Netspot Diagnostic Imaging Agent to Detect Rare Neuroendocrine Tumors Approved by the FDA

Advanced diagnostic tool expected to be of critical value, especially since neuroendocrine tumors are on the rise in adolescents.

The U.S. Food and Drug Administration has approved Netspot (Somakit-TATE), a radioactive probe designed for localization of somatostatin receptor positive neuroendocrine tumors (NETs) in adult and pediatric patients during positron emission tomography imaging. Netspot, from Advanced Accelerator Applications, is the first kit for the preparation of gallium Ga 68 dotatate injection, the uptake of which reflects the level of somatostatin receptor density in NETs.
Man in an MRI scanner“Use of advanced imaging techniques to detect rare neuroendocrine tumors at an early stage in patients is critical,” said Libero Marzella, MD, PhD, Director of the Division of Medical Imaging Products in the FDA’s Center for Drug Evaluation and Research, in a statement to the press. “Netspot provides another diagnostic tool whose results will help clinicians determine the location and extent of the tumor. This information is important for planning the appropriate course of therapy.”

Approval Based on Three Clinical Trials
Approval was based on three clinical studies. The first study compared Ga 68 dotatate images of NETs to images obtained with an approved drug, and then confirmed with computed tomography (CT) and/or magnetic resonance imaging (MRI). The second study evaluated Ga 68 dotatate images using histopathology or clinical follow-up as reference standards. The third study evaluated patients with NET recurrence using Ga 68 dotatate images.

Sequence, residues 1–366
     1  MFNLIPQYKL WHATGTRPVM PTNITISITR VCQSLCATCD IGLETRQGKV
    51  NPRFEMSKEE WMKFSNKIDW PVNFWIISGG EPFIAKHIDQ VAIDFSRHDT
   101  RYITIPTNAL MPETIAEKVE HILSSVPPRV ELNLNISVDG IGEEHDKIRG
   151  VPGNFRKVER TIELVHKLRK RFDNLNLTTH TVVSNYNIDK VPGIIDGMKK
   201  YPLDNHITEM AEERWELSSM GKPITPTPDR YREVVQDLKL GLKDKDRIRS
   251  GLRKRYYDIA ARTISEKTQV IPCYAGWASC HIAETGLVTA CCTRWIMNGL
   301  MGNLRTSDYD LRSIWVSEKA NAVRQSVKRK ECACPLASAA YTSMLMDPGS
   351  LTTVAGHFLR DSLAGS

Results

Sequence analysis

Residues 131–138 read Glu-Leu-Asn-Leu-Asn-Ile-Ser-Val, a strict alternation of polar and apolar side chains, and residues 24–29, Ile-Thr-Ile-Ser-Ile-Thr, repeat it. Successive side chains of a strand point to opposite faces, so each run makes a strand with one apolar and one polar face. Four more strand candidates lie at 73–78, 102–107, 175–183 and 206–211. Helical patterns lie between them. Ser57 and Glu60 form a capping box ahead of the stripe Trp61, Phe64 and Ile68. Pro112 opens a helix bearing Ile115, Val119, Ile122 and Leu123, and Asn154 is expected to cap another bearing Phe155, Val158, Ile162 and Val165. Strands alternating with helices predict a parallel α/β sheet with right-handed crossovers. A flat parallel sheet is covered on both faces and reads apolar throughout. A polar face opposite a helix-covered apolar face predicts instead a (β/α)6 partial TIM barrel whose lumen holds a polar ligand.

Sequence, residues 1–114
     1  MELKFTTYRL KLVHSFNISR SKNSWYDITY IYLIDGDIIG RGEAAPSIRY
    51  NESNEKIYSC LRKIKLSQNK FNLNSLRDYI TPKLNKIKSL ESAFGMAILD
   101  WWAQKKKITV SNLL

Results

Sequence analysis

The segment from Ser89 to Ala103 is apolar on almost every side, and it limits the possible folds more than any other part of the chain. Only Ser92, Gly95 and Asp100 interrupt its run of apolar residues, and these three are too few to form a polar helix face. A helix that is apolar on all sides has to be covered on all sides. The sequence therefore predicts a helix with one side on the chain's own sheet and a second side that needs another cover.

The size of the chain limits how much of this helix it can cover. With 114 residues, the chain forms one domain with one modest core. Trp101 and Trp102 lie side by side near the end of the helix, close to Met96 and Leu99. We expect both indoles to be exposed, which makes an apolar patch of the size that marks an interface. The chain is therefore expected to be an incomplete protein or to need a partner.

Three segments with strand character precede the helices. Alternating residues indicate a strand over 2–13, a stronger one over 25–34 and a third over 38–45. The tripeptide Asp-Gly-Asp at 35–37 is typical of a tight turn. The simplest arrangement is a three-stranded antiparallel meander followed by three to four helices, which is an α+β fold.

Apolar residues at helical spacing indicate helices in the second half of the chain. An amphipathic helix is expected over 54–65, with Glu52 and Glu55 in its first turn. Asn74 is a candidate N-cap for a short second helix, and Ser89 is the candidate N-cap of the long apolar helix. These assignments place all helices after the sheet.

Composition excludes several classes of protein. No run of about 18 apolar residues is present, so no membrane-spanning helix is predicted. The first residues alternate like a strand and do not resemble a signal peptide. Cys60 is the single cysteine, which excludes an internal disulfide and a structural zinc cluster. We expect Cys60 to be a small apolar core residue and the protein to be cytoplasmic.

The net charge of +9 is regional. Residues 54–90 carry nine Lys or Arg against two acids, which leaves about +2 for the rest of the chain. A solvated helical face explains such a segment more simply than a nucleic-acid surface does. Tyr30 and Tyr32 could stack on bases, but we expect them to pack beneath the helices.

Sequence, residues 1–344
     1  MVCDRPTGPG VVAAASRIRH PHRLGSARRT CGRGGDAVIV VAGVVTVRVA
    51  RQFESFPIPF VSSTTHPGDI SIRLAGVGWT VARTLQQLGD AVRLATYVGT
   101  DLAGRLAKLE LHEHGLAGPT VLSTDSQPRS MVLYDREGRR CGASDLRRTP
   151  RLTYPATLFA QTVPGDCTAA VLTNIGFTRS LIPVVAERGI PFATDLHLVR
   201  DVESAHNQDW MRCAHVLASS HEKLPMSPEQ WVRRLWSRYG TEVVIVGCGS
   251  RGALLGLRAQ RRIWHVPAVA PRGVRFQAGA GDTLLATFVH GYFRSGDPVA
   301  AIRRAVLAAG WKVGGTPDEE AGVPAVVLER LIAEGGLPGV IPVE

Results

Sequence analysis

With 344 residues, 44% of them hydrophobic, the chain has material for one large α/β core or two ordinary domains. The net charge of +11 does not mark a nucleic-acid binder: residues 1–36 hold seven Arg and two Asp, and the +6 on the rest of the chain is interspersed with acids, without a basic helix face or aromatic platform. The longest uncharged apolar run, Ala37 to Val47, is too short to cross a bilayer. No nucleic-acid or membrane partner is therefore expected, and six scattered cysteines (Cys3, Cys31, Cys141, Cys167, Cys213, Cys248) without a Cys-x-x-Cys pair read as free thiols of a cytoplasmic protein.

Somatostatin Receptor Positive Neuroendocrine Tumors Are on the Rise
“Although NETs are relatively rare, they tend to affect younger patients, and the incidence of NETs is on the rise in the United States,” said Hossein Jadvar, MD, PhD, President of the Society of Nuclear Medicine and Molecular Imaging. “We are pleased to see that the FDA has approved an agent that can facilitate more accurate imaging evaluation of NETs, which may allow more appropriate patient management.”

  • Netspot was granted orphan drug designation by the FDA in 2014, and received approval following a Priority Review (June 1, 2016).

“We applaud the FDA for recognizing the importance of this advanced imaging agent and granting priority review status,” Dr. Jadvar said.

Advanced Accelerator Applications intends to launch two formulations of the product in the United States: 1) as a kit for reconstitution using a Ga 68 generator, and 2) as a ready-to-use injection delivered from local radiopharmacies in selected metropolitan areas.

June 8, 2016

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